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Journey's End 

After the Federation grants access by the Cardassians to a planet already inhabited by Native American Indians, Picard has the daunting task of relocating them.

Director:

Corey Allen

Writers:

Gene Roddenberry (created by), Ronald D. Moore | 4 more credits »
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Cast

Episode complete credited cast:
Patrick Stewart ... Capt. Jean-Luc Picard
Jonathan Frakes ... Cmdr. William Riker
LeVar Burton ... Lt. Cmdr. Geordi La Forge
Michael Dorn ... Lt. Worf
Gates McFadden ... Dr. Beverly Crusher
Marina Sirtis ... Counselor Deanna Troi
Brent Spiner ... Lt. Cmdr. Data
Wil Wheaton ... Wesley Crusher
Tom Jackson ... Lakanta
Natalija Nogulich ... Adm. Alynna Nechayev
Ned Romero ... Anthwara
George Aguilar ... Wakasa
Richard Poe ... Gul Evek
Eric Menyuk ... The Traveler
Doug Wert ... Jack Crusher
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Storyline

Wesley is on leave from Starfleet Academy, but gloomy, moody and even rude. The Federation has concluded a peace treaty with the Cardassians, which reassigns several planets, including one where a tribe of Native Americans relocated twenty years ago. Picard grudgingly accepts the assignment to relocate the colonists, who refuse to be uprooted a second time in two centuries. Their chief even claims that Picard is there to acquit his ancestor's part in a slaughter of his tribe 23 generations ago. The Cardassians arrive six weeks early for a 'legal' survey of the colony, stirring resistance. This is fueled by Wesley, who accepted an invitation from a Native American, who claims to have seen him during his vision quest, to undertake his own. It leads to Wesley's late dad, telling him that it's time to take a different path from his. Picard tries to get through to Cardassian commander Gul Evek. Wesley makes a major discovery and choice. Written by KGF Vissers

Plot Summary | Add Synopsis


Certificate:

TV-PG | See all certifications »
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Details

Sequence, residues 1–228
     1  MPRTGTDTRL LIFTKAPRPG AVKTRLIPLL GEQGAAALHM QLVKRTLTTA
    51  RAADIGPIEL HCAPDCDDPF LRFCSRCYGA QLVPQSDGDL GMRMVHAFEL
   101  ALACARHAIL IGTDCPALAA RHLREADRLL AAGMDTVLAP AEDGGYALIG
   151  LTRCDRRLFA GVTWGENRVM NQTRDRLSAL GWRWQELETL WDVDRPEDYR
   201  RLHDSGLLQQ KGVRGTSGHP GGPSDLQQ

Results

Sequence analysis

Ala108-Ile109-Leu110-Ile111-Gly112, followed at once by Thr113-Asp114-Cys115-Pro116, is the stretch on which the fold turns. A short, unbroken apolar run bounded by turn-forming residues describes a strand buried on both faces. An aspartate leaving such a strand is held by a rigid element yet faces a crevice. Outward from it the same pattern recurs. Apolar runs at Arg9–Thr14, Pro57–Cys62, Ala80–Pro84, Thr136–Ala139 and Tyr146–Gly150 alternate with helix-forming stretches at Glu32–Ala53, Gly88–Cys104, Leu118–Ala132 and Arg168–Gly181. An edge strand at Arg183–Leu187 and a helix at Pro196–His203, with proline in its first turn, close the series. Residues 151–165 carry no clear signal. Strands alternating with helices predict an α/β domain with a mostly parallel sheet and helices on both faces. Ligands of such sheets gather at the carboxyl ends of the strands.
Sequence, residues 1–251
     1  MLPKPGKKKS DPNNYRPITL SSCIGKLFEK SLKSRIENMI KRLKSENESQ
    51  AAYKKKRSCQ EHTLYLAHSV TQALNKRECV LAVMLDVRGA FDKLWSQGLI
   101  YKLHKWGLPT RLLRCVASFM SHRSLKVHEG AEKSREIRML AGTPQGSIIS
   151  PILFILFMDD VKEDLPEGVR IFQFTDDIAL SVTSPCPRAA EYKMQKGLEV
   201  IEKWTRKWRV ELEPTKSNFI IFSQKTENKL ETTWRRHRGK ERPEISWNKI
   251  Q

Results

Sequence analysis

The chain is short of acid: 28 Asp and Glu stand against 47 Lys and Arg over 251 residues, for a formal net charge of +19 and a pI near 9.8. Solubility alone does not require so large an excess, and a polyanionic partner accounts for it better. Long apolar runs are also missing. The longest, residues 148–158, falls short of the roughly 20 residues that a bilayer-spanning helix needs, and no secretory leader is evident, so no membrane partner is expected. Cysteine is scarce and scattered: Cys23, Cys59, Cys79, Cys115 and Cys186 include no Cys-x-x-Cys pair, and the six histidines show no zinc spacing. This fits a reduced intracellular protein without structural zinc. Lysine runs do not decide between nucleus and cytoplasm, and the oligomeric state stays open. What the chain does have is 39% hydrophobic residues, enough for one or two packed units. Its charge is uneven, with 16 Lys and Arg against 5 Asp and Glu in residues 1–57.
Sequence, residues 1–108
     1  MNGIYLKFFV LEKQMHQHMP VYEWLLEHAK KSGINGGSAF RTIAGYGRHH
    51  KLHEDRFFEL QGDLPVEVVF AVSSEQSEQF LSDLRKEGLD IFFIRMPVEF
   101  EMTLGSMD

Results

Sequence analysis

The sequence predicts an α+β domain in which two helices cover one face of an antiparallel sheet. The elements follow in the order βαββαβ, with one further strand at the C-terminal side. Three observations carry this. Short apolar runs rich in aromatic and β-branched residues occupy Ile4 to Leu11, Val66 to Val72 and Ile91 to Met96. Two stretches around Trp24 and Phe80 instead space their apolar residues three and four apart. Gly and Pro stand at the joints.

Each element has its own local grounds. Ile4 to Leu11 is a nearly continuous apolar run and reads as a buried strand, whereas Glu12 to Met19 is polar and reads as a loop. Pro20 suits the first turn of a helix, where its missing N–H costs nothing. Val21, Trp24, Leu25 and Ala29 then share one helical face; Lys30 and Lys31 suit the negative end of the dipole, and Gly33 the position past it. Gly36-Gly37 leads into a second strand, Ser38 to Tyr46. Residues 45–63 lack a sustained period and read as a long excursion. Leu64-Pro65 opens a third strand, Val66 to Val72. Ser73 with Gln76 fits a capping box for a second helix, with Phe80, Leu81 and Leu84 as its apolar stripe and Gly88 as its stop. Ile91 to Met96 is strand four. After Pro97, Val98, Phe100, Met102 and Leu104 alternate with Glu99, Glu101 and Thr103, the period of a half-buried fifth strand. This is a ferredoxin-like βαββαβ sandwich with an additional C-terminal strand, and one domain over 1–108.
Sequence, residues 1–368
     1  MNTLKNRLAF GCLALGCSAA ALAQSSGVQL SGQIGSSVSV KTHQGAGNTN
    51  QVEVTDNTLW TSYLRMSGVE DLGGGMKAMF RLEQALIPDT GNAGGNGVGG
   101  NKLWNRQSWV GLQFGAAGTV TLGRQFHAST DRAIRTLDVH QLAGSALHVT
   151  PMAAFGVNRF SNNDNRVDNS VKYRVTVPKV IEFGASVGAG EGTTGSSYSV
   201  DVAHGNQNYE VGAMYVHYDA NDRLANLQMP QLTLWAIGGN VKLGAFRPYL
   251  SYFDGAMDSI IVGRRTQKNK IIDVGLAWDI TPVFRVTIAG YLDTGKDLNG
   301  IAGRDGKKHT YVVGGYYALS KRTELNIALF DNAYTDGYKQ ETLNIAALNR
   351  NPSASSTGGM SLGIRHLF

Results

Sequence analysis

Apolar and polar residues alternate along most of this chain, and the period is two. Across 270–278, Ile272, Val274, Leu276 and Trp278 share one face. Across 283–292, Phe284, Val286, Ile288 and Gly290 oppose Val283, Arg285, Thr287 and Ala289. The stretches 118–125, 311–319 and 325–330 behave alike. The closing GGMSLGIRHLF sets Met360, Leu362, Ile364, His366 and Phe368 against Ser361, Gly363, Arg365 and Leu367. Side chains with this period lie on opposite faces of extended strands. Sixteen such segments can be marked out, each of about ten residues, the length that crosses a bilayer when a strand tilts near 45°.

Official Sites:

Official site

Language:

English

Release Date:

26 March 1994 (USA) See more »

Company Credits

Production Co:

Paramount Television See more »
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Technical Specs

Runtime:

Sound Mix:

Stereo

Color:

Color

Aspect Ratio:

1.33 : 1
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Did You Know?

Trivia

Corey Allen, director of the pilot Star Trek: The Next Generation: Encounter at Farpoint (1987), returns to the series for the first (and only) time since Star Trek: The Next Generation: The Game (1991), which also featured Wesley Crusher in a major role. See more »

Goofs

Beverly speaks to Wesley about the Traveler, but mistakenly says that he is from Tau Ceti. Both Star Trek: The Next Generation: Where No One Has Gone Before, and Star Trek: The Next Generation: Remember Me had established that the Traveler was from Tau Alpha C. See more »

Quotes

Admiral Alynna Nechayev: As someone once said: "Diplomacy is the art of the possible."
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Connections

Featured in Star Trek: Nemesis Review (2009) See more »

Soundtracks

Star Trek: The Next Generation Main Title
Composed by Jerry Goldsmith and Alexander Courage
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User Reviews

 
Stereotypes and Preachiness
3 April 2016 | by dwankanSee all my reviews

One of the silliest TNG episodes ever, although it tries to make a moral point, it's mired in bad stereotypes. Pre-American natives, referred to as "Indians" in the episode, are presented as ridiculous 60s cowboy movie types--something they've been complaining about since the early twentieth century. One of the other reviews suggested this episode was "ahead of its time," but how can it be ahead of its time when it plays the noble savage card--outdated since the 1970s. Wesley is another example of bad stereotyping in the episode. I admit, I've grown to like his character in recent years, but this last visit from him is the absolute worst. First, he's the broody teenager cliché, then he becomes the hippie era white-kid-exploring-non-white-spiritual-culture cliché, and finally, he goes off the deep end with one of the most absurd call-backs to a previous episode ever.


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